Funding source

No funding was received for this project.

Open AccessThis article is distributed under the terms of the Creative Commons Attribution 4.0 International License (, which permits unrestricted use, distribution, and reproduction in any medium, provided you give appropriate credit to the original author(s) and the source, provide a link to the Creative Commons license, and indicate if changes were made. The Creative Commons Public Domain Dedication waiver ( applies to the data made available in this article, unless otherwise stated.

Authors’ Affiliations

Open University of Cyprus, Nicosia, Cyprus


  1. European Commission. (2009). Economic crisis in Europe: Causes, consequences and responses. European Economy, no. 7.Google Scholar
  2. Karanikolos M. "Public Health Effects of the Economic Crisis in Europe", OBS, LSHTM. European Observatory on Health Systems and Policies Brussels, 27th September 2013.Google Scholar
  3. Genι-Badiaa J, Gallo P, Hernandez-Quevedo C, Garcνa-Armesto S. Spanish health care cuts: Penny wise and pound foolish? Health Policy. 2012;106:23–8.View ArticleGoogle Scholar
  4. OECD (2013), Health at a Glance 2013: OECD Indicators, OECD Publishing.
  5. Farag M, Nanda Kumar AK, Wallack S, Hodgkin D, Gaumer G, Erbil C. The income elasticity of health care spending in developing and developed countries. Int J Health Care Finance Econ. 2012;12:145–62.View ArticlePubMedGoogle Scholar
  6. Laing R, Buysse I. Impact of the Economic Crisis on the Global Pharmaceutical Sector Utrecht. 2010.Google Scholar
  7. Leopold C, Mantel-Teeuwisse AK, Vogler S, Valkova S, de Joncheere K, Leufkens GN, Wagner AK, Ross-Degnan D, Laing R. Effect of the economic recession on pharmaceutical policy and medicine sales in eight European countries. Bull World Health Organ. 2014;92:630–640D.View ArticlePubMedPubMed CentralGoogle Scholar
  8. WHO. The financial crises and global health. Geneva: World Health Organisation; 2009.Google Scholar
  9. Bradley R. Comment – Defining health insurance affordability: Unobserved heterogeneity matters. J Health Econ. 2008;27:1129–40.View ArticlePubMedGoogle Scholar
  10. Bundorf MK, Pauly MV. Is health insurance affordable for the uninsured? J Health Econ. 2006;25(4):650–73.View ArticlePubMedGoogle Scholar
  11. Xu K, Evans D, Carrin G, Mylena Aguilar-Rivera A. Designing health financing systems to reduce catastrophic health expenditure. Geneva: WHO; 2005.Google Scholar
  12. National Consumer Agency (NCA). Prescription Medicines Prices Study. Dublin: National Consumer Agency; 2013.Google Scholar
  13. Kai R. Ellen Nolte Pharmaceutical pricing The use of external reference pricing RAND Europe. 2013.Google Scholar
  14. Merkur S, Mossialos E. A pricing policy towards the sourcing of cheaper drugs in Cyprus. Health Policy. 2007;81:368–75.View ArticlePubMedGoogle Scholar
  15. Government of Greece .Ministry of Health Medicine prices. Available at
  16. Agencia Italiana del Farmaco available at
  17. Pharmaceutical Services of Cyprus, Medicine Prices catalogue. Available at
  18. National Authority of Medicines and Health products. INFARMED available at
  19. Agencia Espana de Medicamentos y Productos Sanitarios (AEMPS) available at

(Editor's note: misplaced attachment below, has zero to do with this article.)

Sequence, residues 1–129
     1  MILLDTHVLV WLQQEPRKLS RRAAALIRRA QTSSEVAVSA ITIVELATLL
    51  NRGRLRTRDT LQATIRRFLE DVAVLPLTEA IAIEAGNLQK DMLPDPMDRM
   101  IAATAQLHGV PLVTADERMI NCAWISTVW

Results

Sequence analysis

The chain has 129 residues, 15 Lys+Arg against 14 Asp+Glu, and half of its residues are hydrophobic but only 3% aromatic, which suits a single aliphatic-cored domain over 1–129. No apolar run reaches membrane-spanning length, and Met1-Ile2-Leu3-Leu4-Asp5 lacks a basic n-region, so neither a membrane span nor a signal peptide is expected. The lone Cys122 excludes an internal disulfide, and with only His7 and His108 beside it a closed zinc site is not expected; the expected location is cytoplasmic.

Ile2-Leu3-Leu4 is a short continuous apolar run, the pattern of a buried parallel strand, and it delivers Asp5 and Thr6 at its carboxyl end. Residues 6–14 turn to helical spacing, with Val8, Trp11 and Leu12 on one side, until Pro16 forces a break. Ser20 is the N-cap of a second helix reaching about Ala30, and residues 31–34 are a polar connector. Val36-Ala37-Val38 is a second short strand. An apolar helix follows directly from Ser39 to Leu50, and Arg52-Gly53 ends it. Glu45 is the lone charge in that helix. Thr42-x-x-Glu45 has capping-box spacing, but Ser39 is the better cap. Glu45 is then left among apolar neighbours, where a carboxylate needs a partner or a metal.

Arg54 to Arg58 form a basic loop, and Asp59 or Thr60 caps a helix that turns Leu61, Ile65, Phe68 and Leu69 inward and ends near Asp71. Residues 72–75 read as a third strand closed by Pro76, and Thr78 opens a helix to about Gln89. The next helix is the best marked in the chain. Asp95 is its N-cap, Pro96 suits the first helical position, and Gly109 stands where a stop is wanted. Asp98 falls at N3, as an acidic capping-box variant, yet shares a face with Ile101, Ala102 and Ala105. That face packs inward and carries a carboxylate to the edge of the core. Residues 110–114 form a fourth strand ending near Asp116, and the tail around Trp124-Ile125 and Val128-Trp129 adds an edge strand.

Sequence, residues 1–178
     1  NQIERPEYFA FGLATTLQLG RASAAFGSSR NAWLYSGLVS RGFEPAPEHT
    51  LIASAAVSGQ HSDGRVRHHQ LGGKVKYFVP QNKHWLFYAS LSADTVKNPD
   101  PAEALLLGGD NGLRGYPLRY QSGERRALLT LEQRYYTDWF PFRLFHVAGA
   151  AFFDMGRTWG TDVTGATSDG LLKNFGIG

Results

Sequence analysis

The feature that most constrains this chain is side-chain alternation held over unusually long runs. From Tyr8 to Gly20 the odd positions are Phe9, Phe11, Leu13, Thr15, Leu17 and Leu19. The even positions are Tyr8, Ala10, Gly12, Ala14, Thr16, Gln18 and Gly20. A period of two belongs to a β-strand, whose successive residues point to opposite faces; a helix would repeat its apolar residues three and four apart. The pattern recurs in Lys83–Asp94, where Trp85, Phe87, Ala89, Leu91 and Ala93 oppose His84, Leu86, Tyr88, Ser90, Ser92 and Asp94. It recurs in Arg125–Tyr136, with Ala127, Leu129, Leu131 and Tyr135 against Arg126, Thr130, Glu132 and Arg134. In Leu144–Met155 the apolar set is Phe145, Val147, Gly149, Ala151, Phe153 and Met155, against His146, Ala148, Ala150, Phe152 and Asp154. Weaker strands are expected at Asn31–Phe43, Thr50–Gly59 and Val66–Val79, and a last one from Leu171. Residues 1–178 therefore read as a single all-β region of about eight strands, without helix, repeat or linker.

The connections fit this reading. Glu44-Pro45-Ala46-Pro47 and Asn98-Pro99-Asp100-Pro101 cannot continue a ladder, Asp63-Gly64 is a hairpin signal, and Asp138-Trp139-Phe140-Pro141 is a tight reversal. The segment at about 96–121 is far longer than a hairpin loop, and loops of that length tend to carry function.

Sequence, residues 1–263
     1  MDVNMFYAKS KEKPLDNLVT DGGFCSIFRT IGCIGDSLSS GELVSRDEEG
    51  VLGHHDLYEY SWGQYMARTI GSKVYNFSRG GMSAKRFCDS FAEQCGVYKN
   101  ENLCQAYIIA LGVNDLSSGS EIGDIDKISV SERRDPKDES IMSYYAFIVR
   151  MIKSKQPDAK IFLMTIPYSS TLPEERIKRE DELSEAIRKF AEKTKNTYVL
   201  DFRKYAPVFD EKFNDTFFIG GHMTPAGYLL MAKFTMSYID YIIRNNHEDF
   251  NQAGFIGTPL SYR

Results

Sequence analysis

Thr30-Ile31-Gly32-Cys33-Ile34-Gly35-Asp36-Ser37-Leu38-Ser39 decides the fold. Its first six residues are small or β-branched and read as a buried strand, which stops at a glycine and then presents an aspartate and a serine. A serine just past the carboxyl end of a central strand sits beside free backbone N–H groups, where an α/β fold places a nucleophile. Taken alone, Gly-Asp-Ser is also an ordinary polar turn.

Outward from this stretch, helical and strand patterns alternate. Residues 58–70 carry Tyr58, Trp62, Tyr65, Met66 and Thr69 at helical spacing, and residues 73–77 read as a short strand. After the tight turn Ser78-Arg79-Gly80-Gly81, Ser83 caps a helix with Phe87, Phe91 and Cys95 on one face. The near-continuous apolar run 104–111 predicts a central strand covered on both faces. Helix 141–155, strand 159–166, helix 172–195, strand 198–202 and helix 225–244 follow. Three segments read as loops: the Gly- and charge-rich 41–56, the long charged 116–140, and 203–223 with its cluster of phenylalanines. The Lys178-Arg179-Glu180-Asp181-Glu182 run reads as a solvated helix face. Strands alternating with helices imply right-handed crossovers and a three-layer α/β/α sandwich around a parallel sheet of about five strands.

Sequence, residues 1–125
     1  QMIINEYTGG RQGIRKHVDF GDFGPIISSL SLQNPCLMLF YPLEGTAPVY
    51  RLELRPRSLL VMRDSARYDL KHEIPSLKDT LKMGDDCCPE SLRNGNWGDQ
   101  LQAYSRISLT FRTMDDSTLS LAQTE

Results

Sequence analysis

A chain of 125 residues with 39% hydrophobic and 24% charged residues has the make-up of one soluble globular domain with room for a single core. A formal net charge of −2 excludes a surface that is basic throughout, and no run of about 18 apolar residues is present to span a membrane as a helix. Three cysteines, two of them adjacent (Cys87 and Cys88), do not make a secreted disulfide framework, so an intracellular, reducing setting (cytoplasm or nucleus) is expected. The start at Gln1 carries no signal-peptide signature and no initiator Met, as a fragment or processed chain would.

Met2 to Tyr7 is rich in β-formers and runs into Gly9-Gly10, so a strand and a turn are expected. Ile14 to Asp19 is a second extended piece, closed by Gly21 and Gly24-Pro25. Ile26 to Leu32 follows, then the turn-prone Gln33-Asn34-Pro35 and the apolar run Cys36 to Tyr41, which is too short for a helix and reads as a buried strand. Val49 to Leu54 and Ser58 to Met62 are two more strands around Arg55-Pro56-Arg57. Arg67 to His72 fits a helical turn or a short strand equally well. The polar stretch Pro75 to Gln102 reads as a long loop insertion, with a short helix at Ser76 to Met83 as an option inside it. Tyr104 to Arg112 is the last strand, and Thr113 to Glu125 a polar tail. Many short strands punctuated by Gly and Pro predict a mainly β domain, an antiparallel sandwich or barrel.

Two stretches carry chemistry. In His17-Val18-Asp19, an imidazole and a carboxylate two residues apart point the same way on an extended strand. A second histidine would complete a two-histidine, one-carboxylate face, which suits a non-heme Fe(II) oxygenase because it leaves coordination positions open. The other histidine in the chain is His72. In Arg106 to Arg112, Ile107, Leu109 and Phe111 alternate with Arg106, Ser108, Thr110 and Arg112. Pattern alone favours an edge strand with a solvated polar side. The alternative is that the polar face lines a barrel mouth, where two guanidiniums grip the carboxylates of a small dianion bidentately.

20. International Monetary Fund. World Economic Outlook Database. 2011.Google Scholar
  21. Schreyer P Koechlin F Purchasing power parities – measurement and uses March 2003 No2 Statistics Brief .
  22. International Diabetes Federation. Diabetes at a glance. 2012.Google Scholar
  23. Health impacts of economic crises EAHC project - Preliminary findings Expert Group on Social Determinants and Health Inequalities Luxembourg, 29 October 2013 Matrix available at 08/.
  24. Birgli Consultants: An Evaluation of Medicines Shortages in Europe with a more in-depth review of these in France, Greece, Poland, Spain, and the United Kingdom.Google Scholar
  25. International Pharmaceutical Federation. Report of the International Summit on Medicines Shortage Toronto. Canada: International Pharmaceutical Federation; 2013. p. 20–1.Google Scholar
  26. Karamanoli Eva Greece’s financial crisis dries up drug supply. Lancet. 2012;379.Google Scholar
  27. Wall street Journal Drug Firms Urge Price Action; Steep Discounts in 5 European Nations Create Shortages, 25 June 2012
  28. Greece: new positive drugs list excludes newly-priced innovations IHS available at 2013.
  29. Fondazione Banco Farmaceutico
  30. Atella V, Peracchi F, Depalo D, Rossetti C. Drug compliance, co-payment and health outcomes: evidence from a panel of Italian patients. Health Econ. 2006;15(9):875–92.View ArticlePubMedGoogle Scholar
  31. Atella V, Schafheutle E, Noyce P, Hassell K. Affordability of medicines and patients’ cost-reducing behaviour: empirical evidence based on SUR estimates from Italy and the UK. Appl Health Econ Health Policy. 2005;4(1):23–35.View ArticlePubMedGoogle Scholar
  32. Jaume Puig-Junoy, Santiago Rodriguez-Feijoo, Beatriz G Lopez-Valcarce Paying for Formerly Free Medicines in Spain after one Year of Co-payment: Changes in the Number of Dispensed Prescriptions. Applied health economics & health policy 2014Google Scholar
  33. Vandoros S, Stargardt T. Reforms in the Greek pharmaceutical market during the financial crisis. Health Policy. 2013;109:1–6.View ArticlePubMedGoogle Scholar
  34. Petrou P, Talias M. Tendering for pharmaceuticals as a reimbursement tool in Cyprus public health sector. Health Policy Technol. 2014;3:167–75.View ArticleGoogle Scholar
  35. Petrou P. Pharmacoeconomics in the years of crisis: a solution or just a resolution? ACyprus perspective, Expert Review of Pharmacoeconomics & Outcomes Research. 2014;14(5):627-636.Google Scholar
  36. Niels L, Cameron A, Van de Poel E, Ewen M, Brouwer W, Laing R. Quantifying the Impoverishing Effects of Purchasing Medicines: A Cross-Country Comparison of the Affordability of Medicines in the Developing World. PLoS Medicine. 2010:7(8).Google Scholar
  37. Niakas D. Greek economic crisis and health care reforms: correcting the wrong prescription. Int J Health Serv. 2013;43(4):597–602.View ArticlePubMedGoogle Scholar


© Petrou and Talias. 2016